You know he’s gonna take away your promised land,
Hey good lady he just wants what you got you know
He’ll never stop until he’s taken the lot
RETAIL NEWS WITH NICK BUBB:
• Dignity: The funeral services provider Dignity is under siege from Online/discount competition, but the business is not rolling over to die and the strategic update with today’s finals put a brave face on things, stating that, as indicated in January at the time of the profit warning and the announcement of big price cuts, “the Board believes that whilst the combination of action being taken will lead to substantially lower profits in 2018, it should create a new platform to allow many years of further stable growth”.
• Morrisons: The Morrisons share price never seems to move very far, but today’s finals show underlying PBT 9.5% up on a 52 week basis and group LFL sales were 2.8% up, with a positive outlook statement (“We are confident that a broader, stronger Morrisons will continue to grow”). Maybe shareholders will be cheered up by the news that net debt reduced by £221m to £973m, below the £1bn year-end target, and that they are to get a 4p special dividend…
• John Lewis Watch: After all the snow disruption in the previous week, John Lewis bounced back last week, with yesterday’s weekly sales update from JLP (for w/e March 10th) revealing that gross sales jumped by 11.6% (c11% up on a LFL basis, on our calculations), although this was mainly attributed to the earlier fall of Mother’s Day. Fashion sales were up by 17.9% gross, Electricals were up by 13.3% gross and Home sales were up by 3.9% gross. After the 6 weeks of H1 so far John Lewis is running down by 0.4% gross (c1% down LFL). Last week should have been helped by delayed deliveries of Online orders from the previous week, although John Lewis no longer see fit to reveal such information in this brave new multi-channel world (last year, however, we are told that Online sales were 10% up and reached 38% of total sales…).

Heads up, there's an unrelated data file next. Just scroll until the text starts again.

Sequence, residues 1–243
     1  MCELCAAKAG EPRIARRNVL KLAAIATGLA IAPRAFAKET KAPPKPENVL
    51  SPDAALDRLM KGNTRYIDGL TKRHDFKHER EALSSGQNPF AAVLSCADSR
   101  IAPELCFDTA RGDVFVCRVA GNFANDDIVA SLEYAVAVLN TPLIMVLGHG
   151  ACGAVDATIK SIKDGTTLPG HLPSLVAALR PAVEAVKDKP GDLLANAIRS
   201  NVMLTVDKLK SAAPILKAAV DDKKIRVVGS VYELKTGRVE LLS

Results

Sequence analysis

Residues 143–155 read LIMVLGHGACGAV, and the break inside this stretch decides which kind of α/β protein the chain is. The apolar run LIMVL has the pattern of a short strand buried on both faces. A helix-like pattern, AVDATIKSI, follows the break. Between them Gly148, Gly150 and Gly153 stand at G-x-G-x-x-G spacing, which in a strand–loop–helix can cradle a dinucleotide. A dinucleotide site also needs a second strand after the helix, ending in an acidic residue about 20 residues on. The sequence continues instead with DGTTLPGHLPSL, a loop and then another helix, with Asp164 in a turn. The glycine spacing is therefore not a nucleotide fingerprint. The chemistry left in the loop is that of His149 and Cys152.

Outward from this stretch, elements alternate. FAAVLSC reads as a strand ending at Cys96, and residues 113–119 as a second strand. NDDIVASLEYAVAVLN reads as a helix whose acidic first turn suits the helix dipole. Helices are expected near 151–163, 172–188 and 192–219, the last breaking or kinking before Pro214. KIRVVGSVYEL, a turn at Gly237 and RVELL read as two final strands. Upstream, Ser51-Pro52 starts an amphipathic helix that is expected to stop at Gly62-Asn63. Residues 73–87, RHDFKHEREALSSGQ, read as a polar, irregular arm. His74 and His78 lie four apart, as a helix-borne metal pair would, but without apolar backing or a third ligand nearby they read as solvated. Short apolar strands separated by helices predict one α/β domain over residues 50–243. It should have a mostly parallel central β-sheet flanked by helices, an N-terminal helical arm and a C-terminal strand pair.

• Waitrose Watch: Over at Waitrose, last week was also boosted by the earlier fall of Mother’s Day, with gross sales up by 14.2% in w/e March 10th (just under 14% up LFL, on our calculations). The cumulative outcome for the last 6 weeks is now +5.6% gross, which is over 5% up LFL.
• News Flow This Week: The Inditex finals are also out today in sunny Spain and at lunchtime the Signet Q4/finals will be published in the US. And tomorrow the embattled Philip Green will be able to take a break from his problems at Arcadia by celebrating his 66th birthday!
• White Day Watch: In 2018 March 14th marks the second day of the Cheltenham Festival for horse racing fans in the UK (see below), but in Japan (and other Asian countries) March 14th is White Day, exactly one month after Valentine’s Day. In Japan, Valentine’s Day is typically observed by girls/women presenting chocolate gifts to boys/men as an expression of love, courtesy or social obligation. On White Day, the reverse happens: men are expected to return the favour by giving gifts, usually on the basis that they cost two to three times the perceived worth of the Valentine’s Day gift! The likes of Hotel Chocolat would be delighted if the habit caught on in the UK, although they have other “gifting events” such as Mothering Sunday and Easter to focus on at this time of year…
• TIPS Watch: The great 4-day Cheltenham Festival jumps racing started today and our alter ego, “Honest Nick”, is bringing you his each-way Tips each day. And he was reasonably pleased with his efforts yesterday, as his Irish banker Footpad won the 2.10pm at 5-6 on, and he also picked another Willie Mullins trained winner, Benie des Dieux, at 9-2 in the 4.10. And although in the big race at 3.30pm (the Champion Hurdle), another Willie Mullins horse, the once mighty Faugheen, flopped badly for him, his two other e/w Tips were both only narrowly beaten: Kalashnikov was second in the 1.30 at 5-1 and Ms Parfois was second in the 4.50 at 11-2. As for today, the banker of the day is probably Altior in the big race at 3.30pm, the Champion Chase, whilst it will be interesting to see how The Last Samuri gets on in the amazing Cross-Country race at 4.10pm. But as our “Three to Follow” today, we’re